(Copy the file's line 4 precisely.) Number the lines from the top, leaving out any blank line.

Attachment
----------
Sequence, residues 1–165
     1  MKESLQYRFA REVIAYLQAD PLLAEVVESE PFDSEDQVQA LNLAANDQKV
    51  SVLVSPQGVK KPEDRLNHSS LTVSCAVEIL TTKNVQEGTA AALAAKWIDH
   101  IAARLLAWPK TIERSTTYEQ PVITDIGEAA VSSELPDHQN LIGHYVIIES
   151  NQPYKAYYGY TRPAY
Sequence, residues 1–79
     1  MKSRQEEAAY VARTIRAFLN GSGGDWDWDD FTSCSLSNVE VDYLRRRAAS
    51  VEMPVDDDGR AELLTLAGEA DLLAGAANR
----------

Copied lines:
   101  IAARLLAWPK TIERSTTYEQ PVITDIGEAA VSSELPDHQN LIGHYVIIES